This seems like a very newby question, since I’m trying to do something very simple.
I want to find the array elements between two values. I can make it work with my third attempt in the code, but it feels like there is a much more elegant way … .
# attempt 1
findall(a.>b && a.<c) #does not work since bit arrays and boolean operations can't be combined
# attempt 2
findall(comp1 && comp2) # does not work
findall(comp1. && comp2) # does not work
# attempt 3
You can broadcast
& but not
&&, but mind the brackets else you get bitwise
& of the integers. But you can also write two comparisons at once,
b < a < c:
julia> a,b,c = 0:2:50, 10, 20; # no need to collect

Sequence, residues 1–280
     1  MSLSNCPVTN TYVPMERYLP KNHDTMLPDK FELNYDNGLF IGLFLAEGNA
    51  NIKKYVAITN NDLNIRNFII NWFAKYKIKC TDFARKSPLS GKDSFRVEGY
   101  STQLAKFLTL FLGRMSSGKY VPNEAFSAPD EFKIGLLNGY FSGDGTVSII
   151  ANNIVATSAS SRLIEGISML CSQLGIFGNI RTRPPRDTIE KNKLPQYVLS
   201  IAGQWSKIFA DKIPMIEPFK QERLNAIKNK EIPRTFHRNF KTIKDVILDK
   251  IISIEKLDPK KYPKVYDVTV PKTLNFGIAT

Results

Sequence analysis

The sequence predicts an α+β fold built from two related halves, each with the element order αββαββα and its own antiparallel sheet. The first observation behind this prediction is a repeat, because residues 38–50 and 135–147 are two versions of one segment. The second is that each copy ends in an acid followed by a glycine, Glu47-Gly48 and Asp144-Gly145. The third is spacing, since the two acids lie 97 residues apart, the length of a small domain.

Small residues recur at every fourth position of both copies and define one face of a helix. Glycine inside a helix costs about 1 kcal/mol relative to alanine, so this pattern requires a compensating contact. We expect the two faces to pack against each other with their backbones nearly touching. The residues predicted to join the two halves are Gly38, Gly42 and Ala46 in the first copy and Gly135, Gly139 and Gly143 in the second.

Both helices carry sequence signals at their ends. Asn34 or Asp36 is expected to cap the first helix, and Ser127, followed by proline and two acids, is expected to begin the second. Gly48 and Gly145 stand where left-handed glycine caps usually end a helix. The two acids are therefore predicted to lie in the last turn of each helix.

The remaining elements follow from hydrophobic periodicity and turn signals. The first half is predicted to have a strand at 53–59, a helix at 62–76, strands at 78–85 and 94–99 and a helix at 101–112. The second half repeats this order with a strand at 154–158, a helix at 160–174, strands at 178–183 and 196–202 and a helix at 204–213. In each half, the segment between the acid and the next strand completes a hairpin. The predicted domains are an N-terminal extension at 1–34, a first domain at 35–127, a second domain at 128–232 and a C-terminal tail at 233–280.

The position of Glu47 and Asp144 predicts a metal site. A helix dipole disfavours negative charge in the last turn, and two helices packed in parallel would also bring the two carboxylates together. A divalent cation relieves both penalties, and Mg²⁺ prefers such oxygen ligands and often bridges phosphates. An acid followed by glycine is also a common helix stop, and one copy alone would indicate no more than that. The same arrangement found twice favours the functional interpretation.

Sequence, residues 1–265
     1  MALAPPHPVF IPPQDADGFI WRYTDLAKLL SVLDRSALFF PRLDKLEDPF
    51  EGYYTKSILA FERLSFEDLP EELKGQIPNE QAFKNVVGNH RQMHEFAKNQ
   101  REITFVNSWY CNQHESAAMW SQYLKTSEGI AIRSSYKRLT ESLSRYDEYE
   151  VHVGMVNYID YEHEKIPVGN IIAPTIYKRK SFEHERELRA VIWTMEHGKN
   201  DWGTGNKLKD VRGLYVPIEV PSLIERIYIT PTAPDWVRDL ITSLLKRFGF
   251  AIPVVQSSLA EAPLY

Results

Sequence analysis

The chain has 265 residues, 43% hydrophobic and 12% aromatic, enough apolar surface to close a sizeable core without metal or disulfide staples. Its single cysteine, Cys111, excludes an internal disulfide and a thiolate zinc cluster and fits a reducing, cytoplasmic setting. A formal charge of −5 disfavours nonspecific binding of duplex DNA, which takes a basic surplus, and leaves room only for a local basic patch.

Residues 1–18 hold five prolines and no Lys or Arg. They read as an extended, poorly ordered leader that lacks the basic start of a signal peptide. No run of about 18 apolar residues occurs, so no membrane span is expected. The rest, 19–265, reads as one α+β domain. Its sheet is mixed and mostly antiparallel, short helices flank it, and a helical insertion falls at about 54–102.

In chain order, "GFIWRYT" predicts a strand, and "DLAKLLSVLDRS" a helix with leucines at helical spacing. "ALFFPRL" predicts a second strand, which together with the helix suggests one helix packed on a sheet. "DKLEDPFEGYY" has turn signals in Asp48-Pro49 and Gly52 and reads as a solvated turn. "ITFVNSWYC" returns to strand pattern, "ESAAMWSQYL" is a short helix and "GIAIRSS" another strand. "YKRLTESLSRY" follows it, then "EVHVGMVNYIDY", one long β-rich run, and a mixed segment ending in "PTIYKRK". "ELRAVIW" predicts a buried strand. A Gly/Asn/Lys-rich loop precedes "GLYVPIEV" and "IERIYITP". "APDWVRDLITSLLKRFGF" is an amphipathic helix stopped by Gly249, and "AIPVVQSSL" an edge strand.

julia> findall(b .< a .< c) # indices
julia> a[@. (a>b) & (a<c)] # or a[ans], values
julia> (a .> b .& a .< c) == (a .> (b .& a) .< c) # bitwise on Int
You could also write
filter(x -> b<x<c, a) for the values, or
findall(i -> b<a[i]<c, eachindex(a)) for the indices.
There’s probably a better way, but you can elementwise multiply the bit array, so
findall((a.>b) .* (a.<c))
will give you a bit array for all the indices of the elements you’re looking for. I think you actually want
a[findall((a.>b) .* (a.<c))]
to give the elements.
great!, still a lot to learn converting to Julia
Just a note - the function
findall returns indices of elements that are
true when only given an iterable, or indices of element for which a first-argument function returns
true when given a function and then an iterable. If you want the elements themselves, use the
filter function, optionally with a
! if you want to mutate the iterable (
a in the original post) that is passed.
filter takes a function and then an iterable. The way I would do this is
filter(x -> b<x<c, a)